Momentum and energy eigenvalues

  • Thread starter dyn
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  • #1
dyn
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Hi. I will give you a question I have looked at and then tell you where I am confused.

The wavefunction for a particle of mass m is ψ(x) = sin(kx)exp(-iωt) where k is a constant.

(i) Is this particle in a state of defined momentum ? If so , determine its momentum.
(ii) Is this particle in a state of defined energy ? If so , determine its energy.

For (i) i thought if k is a constant then p=[itex]\hbar[/itex]k must also be a constant ie a definite momentum. The solution says to apply the momentum operator to ψ which shows that ψ is not an eigenfunction of momentum. Does p=[itex]\hbar[/itex]k not always apply ? If ψ is not an eigenfunction of momentum what happens when momentum is measured ?
For (ii) i just assumed E=[itex]\hbar[/itex]ω which in this case turns out to be right although according to the solution i should have used the energy operator i[itex]\hbar[/itex]dψ/dt which gives an eigenvalue of E=[itex]\hbar[/itex]ω. Could i instead apply the Hamiltonian operator to give an energy eigenvalue of [itex]\hbar[/itex]^2k^2/2m ? Are these 2 methods equivalent ?
 

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  • #2
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Is this particle in a state of defined momentum ? If so , determine its momentum.
Apply the momentum operator -i d/dx and see if it is ie it must be an eigenstate of it. From a quick calc I did it doesnt look like it.

Is this particle in a state of defined energy ? If so , determine its energy.
That cant be done until you know the Hamiltonian - it's not like the momentum operator.

But once you do - same thing.

Thanks
Bill
 
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  • #3
dyn
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So I can always apply i[itex]\hbar[/itex]d/dt but only apply the Hamiltonian when I know its form ? But do both methods always give equivalent answers even though they will be in different form ?
Applying the Hamiltonian for an infinite well gives E= [itex]\hbar[/itex]^2k^2/2m. Doesn't this answer imply the momentum is [itex]\hbar[/itex]k ?
 
  • #4
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So I can always apply i[itex]\hbar[/itex]d/dt but only apply the Hamiltonian when I know its form ? But do both methods always give equivalent answers even though they will be in different form ?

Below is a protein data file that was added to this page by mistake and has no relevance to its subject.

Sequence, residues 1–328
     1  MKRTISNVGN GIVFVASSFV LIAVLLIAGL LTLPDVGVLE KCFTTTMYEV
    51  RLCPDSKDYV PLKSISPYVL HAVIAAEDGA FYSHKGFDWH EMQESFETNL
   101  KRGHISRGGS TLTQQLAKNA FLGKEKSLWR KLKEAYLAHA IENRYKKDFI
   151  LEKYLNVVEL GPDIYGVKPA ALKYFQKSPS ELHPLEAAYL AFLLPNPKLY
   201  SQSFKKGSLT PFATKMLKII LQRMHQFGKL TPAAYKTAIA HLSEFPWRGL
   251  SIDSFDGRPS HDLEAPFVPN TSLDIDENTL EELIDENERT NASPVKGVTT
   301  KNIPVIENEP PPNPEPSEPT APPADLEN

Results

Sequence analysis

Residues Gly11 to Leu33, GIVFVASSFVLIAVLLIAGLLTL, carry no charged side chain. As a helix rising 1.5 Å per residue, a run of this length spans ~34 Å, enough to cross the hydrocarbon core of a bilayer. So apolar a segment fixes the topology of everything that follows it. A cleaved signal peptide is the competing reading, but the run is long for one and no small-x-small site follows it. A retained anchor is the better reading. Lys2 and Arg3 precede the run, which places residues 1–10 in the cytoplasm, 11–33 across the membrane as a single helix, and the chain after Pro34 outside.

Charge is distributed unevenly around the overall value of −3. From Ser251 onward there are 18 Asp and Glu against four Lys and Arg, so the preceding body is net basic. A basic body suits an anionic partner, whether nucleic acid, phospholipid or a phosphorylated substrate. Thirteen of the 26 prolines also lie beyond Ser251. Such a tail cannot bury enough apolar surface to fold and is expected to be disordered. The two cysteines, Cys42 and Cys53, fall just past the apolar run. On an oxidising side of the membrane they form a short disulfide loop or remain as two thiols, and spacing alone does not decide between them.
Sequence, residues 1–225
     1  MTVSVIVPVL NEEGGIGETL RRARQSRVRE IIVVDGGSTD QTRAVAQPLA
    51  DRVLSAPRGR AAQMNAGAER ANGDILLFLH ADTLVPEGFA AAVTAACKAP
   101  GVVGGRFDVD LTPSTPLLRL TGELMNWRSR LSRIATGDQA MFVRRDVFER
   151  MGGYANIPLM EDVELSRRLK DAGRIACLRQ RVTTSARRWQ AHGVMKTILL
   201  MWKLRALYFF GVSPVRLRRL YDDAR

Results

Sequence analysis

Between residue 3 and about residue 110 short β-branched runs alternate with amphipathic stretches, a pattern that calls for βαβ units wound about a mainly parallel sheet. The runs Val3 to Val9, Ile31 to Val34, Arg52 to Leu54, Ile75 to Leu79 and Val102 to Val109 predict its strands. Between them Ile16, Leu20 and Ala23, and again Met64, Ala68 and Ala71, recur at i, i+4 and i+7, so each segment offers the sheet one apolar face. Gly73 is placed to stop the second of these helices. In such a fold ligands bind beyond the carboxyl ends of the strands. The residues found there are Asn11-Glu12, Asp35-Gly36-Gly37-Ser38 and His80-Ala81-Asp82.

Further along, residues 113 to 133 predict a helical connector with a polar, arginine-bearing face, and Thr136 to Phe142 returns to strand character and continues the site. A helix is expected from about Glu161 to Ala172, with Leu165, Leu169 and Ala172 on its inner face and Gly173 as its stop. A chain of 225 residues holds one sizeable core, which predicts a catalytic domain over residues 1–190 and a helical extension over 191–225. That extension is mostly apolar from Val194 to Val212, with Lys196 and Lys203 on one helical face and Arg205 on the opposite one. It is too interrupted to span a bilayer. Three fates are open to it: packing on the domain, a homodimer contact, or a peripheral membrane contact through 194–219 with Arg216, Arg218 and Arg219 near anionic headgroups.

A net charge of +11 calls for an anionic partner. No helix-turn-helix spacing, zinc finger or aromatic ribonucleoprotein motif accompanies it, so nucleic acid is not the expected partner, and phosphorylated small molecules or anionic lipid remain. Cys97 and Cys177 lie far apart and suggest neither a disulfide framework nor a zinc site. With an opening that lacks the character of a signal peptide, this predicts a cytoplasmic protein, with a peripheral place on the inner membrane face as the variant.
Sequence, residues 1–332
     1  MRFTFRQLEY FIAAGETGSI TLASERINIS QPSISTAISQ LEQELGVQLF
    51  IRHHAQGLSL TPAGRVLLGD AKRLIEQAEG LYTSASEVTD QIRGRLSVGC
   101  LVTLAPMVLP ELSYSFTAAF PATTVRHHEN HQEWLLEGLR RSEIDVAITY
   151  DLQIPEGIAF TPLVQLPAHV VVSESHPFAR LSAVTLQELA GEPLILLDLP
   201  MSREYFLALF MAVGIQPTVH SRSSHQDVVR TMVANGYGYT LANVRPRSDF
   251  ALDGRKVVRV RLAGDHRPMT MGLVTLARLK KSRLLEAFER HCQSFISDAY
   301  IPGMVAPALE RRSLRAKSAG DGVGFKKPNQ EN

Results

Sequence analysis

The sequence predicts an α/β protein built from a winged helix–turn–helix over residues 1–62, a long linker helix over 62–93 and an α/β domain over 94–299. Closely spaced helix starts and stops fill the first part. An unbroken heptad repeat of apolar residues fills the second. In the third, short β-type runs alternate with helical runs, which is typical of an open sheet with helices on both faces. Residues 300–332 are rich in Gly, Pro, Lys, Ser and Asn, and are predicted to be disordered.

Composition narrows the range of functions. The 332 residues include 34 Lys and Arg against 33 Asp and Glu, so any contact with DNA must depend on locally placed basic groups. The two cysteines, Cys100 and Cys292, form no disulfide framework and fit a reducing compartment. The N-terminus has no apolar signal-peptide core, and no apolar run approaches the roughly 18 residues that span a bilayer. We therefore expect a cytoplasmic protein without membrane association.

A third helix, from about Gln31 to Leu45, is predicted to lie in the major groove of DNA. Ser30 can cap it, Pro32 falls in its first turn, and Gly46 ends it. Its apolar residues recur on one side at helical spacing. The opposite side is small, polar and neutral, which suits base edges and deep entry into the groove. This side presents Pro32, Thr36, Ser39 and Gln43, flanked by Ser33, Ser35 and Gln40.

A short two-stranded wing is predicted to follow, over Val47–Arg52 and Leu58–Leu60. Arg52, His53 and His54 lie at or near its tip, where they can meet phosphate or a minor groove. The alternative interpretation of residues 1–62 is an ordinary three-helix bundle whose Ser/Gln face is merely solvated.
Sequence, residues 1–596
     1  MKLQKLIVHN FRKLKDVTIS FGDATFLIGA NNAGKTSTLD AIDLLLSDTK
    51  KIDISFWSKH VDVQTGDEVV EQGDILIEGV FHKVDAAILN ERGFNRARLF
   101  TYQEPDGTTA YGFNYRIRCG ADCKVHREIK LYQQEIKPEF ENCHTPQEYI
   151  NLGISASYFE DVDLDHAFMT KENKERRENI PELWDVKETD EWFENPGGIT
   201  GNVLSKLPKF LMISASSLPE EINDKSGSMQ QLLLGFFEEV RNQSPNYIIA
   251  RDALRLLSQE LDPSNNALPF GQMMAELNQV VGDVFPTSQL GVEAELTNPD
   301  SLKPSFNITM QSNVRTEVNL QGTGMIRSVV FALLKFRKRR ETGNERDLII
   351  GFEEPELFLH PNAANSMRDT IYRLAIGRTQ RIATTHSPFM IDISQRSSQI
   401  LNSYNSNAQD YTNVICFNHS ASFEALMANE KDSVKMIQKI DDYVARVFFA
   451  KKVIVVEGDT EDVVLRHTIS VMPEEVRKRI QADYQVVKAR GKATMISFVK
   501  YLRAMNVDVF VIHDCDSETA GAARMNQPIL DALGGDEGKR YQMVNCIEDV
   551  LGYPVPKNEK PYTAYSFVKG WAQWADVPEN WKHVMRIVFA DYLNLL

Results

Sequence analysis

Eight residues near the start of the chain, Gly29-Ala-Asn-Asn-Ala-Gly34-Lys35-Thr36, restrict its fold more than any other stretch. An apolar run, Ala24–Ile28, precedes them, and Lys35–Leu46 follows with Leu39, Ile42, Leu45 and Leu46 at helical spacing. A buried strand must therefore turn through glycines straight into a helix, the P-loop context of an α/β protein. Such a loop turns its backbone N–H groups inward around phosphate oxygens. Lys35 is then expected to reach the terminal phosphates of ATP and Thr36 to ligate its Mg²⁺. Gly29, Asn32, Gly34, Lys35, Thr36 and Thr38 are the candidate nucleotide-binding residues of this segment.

This is basic QM. The momentum operator (basically - there is a subtle caveat associated with Lagrangian's and the concept of generalised momentum - the momentum operator applies to the generalised momentum - but no need to go into that here) is always the same.

Applying the Hamiltonian for an infinite well gives E= [itex]\hbar[/itex]^2k^2/2m. Doesn't this answer imply the momentum is [itex]\hbar[/itex]k ?
Mate you are intermixing concepts.

The momentum operator is as I stated. Its exactly the same in classical mechanics, momentum is the derivative of mass times velocity - always (except for the caveat previously).

The energy changes depending on the Hamiltonian.

Thanks
Bill
 
  • #5
dyn
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Sorry , I think my last post was misleading. I meant ; if I know the Hamiltonian and am asked to calculate the energy eigenvalue can I use either i[itex]\hbar[/itex][itex]\partial[/itex]/[itex]\partial[/itex]t or apply the Hamiltonian. These 2 methods give 2 different answers but are they equivalent ?
My other question is what happens if momentum is measured and the particle is not in a momentum eigenfunction ? Do we get no measurement or a superposition of measurements ?
 
  • #6
jtbell
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My other question is what happens if momentum is measured and the particle is not in a momentum eigenfunction ? Do we get no measurement or a superposition of measurements ?
If it is not in a momentum eigenstate, its state can be expressed as a superposition of momentum eigenstates. When you measure the momentum, you get one of the momentum eigenvalues that are contained in the superposition, randomly "chosen", with a probability equal to the complex square of the coefficient of that eigenstate in the superposition.
 
  • #7
dyn
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Thanks. In the "real world" when you make a measurement, the particle doesn't know if is in a momentum eigenstate or a superposition of eigenstates , so how would you know what your result means ?
 
  • #8
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Thanks. In the "real world" when you make a measurement, the particle doesn't know if is in a momentum eigenstate or a superposition of eigenstates , so how would you know what your result means ?
You need to understand the axioms of QM.

First axiom is given an observation there is a Hermitian operator, O, called the observations observable, such that its possible outcomes are the eigenvalues of the observable.

The second axiom is called the Born Rule. At your level it would be expressed as - if the system is in state |u> the expected outcome (ie it's average) is <u|O|u>.

A little math shows (any book on QM will give the detail) only in the case if its an eigenstate can we know with 100% certainly what the outcome will be.

Thanks
Bill
 
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